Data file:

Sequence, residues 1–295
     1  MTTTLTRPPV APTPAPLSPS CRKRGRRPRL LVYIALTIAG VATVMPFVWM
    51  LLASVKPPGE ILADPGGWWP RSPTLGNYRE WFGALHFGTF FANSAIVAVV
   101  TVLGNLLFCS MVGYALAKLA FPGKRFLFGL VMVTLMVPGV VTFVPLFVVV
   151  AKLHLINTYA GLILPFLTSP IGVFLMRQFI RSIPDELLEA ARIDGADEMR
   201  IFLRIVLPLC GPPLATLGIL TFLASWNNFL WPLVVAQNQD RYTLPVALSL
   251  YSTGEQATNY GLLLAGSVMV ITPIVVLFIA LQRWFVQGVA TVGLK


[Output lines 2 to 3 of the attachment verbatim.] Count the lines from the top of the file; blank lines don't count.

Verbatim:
     1  MTTTLTRPPV APTPAPLSPS CRKRGRRPRL LVYIALTIAG VATVMPFVWM
    51  LLASVKPPGE ILADPGGWWP RSPTLGNYRE WFGALHFGTF FANSAIVAVV